Thursday, August 25, 2011

How to Make a Pillow Sham with Piping

I think this might just be my very first, actual, sewing tutorial EVER! So, get excited! The pillow sham!

The very first thing I actually sewed was a pillow. That grew to making more pillows and then I made some pillows with adding piping edge. This past weekend I finally decided to make a sham for our bed using some fabric I found at Hancock's while searching for fabric for the flip house curtains awhile back!

This is just for ONE sham...double if you are making TWO. You will need:
  • 1 yard of pretty fabric, more if you want the front and back of the sham to have the same fabric
  • 1 yard of plain fabric (for the backing)
  • 2.5 yards of the piping (you want to have enough to go all the way around the pillow...be on the safe side and always have extra)
  • fabric scissors or rotary cutter
  • pins, thread, sewing machine
  1.  Use your existing sham as a pattern and reference. Measure it and measure your pillow. In general you want to cut your fabric to the size of your pillow because it will look fuller. Mine was a King Size pillow that was 20 x 36 finished size, so I added 1 inch for the hem, but looking back I should have just cut it to the size of the finished pillow, so it wouldn't be so baggy. I just hate it when I cut things too small!
  2.  Next measure the back of your pillow sham. You are going to want the back two pieces to overlap at least 5 inches, so that your pillow won't come through. I overlap mine more... I guess I'm a cautious seamstress!
I measured two pieces that were 22 inches. I added 3 inches, so I would have a good overlap in the back. You should end up with one piece of fabric 37 x 21 inches (front piece) and two pieces of 25 x 21 inches (back pieces).
Cut out all pieces of fabric.
Next, cut out your strips for the piping. To find out how much fabric you need, wrap the fabric over the piping and cut a small slit. You will need at least 3 strips of the longest side of the remaining fabric to go around the piping cord.

Next sew together your piping strips. You can do it on the bias, but it will look fine if you just sew all your pieces together. Press seam flat.

Alright, now that everything has been cut out...iron down your hems on the back two pieces. Fold 1/2 inch, then fold again, so you get a nice crisp hem to sew on.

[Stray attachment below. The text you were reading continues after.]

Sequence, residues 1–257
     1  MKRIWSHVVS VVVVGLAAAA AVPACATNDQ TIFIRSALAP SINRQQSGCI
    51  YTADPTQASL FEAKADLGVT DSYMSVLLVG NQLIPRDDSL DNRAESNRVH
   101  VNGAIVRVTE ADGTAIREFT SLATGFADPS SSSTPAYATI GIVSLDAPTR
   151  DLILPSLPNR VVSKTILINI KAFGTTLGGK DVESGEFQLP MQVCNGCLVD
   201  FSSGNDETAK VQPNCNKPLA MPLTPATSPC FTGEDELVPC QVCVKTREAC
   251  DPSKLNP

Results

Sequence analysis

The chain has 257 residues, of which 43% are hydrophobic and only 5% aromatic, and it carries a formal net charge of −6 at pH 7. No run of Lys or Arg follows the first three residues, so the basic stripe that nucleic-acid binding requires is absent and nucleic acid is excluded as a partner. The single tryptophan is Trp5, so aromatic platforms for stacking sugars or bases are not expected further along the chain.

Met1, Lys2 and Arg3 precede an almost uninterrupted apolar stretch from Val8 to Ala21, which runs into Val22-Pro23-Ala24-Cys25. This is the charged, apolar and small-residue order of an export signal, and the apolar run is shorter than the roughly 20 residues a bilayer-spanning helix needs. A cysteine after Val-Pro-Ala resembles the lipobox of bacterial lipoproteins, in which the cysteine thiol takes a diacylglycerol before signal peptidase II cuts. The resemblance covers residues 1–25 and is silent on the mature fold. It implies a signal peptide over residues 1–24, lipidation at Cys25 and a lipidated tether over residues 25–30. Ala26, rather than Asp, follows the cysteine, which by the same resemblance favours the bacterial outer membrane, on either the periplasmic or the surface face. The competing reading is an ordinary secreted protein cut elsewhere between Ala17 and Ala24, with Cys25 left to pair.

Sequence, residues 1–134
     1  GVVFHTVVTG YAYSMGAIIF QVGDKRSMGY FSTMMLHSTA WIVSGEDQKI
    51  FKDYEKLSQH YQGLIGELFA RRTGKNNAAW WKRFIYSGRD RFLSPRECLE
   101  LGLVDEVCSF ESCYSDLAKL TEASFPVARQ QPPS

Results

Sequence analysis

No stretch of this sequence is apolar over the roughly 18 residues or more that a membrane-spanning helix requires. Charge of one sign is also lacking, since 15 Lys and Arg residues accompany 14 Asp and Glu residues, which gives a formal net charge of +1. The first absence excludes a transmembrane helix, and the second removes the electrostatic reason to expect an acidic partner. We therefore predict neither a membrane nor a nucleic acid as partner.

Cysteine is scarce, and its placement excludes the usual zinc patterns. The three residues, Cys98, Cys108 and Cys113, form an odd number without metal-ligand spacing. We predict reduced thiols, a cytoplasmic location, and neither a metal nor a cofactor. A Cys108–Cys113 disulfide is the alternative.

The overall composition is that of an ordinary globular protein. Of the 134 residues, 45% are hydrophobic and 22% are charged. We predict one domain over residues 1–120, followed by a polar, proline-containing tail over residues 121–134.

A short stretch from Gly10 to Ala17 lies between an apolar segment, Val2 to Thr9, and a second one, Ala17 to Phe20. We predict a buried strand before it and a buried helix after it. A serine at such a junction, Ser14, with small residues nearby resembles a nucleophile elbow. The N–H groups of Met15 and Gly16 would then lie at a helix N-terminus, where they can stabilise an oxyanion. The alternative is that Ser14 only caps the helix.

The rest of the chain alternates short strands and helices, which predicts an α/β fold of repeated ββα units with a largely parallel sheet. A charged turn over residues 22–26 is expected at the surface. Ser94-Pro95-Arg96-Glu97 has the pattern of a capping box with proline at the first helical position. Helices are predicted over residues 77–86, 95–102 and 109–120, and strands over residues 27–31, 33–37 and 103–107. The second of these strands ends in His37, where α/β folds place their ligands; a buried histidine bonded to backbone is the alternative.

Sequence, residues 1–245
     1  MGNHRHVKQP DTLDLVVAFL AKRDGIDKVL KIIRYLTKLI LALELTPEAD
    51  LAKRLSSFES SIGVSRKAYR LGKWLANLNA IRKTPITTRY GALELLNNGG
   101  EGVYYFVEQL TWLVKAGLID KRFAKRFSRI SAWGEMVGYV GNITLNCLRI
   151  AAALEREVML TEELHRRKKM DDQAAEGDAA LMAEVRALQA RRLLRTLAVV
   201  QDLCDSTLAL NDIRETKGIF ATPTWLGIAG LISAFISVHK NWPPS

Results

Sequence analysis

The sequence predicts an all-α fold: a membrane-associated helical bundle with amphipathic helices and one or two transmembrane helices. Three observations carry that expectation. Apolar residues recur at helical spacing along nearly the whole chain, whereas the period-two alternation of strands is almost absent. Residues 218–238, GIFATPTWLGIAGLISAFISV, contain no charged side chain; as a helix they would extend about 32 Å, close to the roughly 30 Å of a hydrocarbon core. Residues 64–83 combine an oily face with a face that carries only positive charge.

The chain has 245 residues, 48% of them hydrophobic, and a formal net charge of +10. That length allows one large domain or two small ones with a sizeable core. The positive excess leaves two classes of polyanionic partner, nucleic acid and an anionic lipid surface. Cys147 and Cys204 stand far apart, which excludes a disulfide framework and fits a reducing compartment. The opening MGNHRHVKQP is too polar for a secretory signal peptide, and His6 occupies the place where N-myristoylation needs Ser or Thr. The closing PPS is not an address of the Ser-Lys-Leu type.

Sew your hems down.  I double top stitched mine, since I like a nice wide hem. I think it just looks better. HINT: If you want to double top stitch on both sides, then, press the MIRROR button on your sewing machine to move your needle right and left to sew closer to the fabric edge on the left or right side. Then your fabric can be ran right along the side of the foot as a guide to keep things straight. Just make sure you move it back to the left for the other side. Reverse sew on both ends of the fabric.


Like this...
Attaching the piping: If you have never attached piping before, you might want to practice on something and watch some you tube videos on it, first. It's a lot easier to watch a video than look at pictures, but I will try to explain!

Wrap your fabric around your piping cord and pin to the right side of your front piece of fabric.
Leave some space at the top of the cord, maybe 1 - 2 inches. You will need a little space at the end when closing the fabric up around the cord.

I have learned when doing piping that I actually prefer to use my regular foot when attaching the piping to the front piece of fabric and then using my zipper foot later when sewing all the pieces together, but you can use the zipper foot both times if that is easier for you as you guide the piping on. I think this is what most people do.

Now, you need to just sew your piping onto your front pillow fabric. Feed it nice and slow through and onto the fabric. Some prefer to sew their fabric strip around the piping cord first, then attach the fabric wrapped piping to the pillow fabric, but I just sew mine right in as I go. Do what you like, just sew it onto the right side of the fabric and end up with it like this...
When going around the corners, you can cut little notches to help turn the fabric easier, if need be.

When you get to the end of the where the other cord end is, cut your cords off so that the ends meet. Then, tuck a little bit of fabric under on both ends and overlap one side over the other and sew down. Watch this SailRite video if you haven't a clue what I am talking about here.

Lay your remaining back fabric pieces on top of the front fabric, keeping right sides together and overlapping the pieces to create the envelope back. Pin everything down.

Sew all the way around the edge of the fabric pieces. Turn right sides out. Stuff with a pillow and SHAM-WOW! You just did it!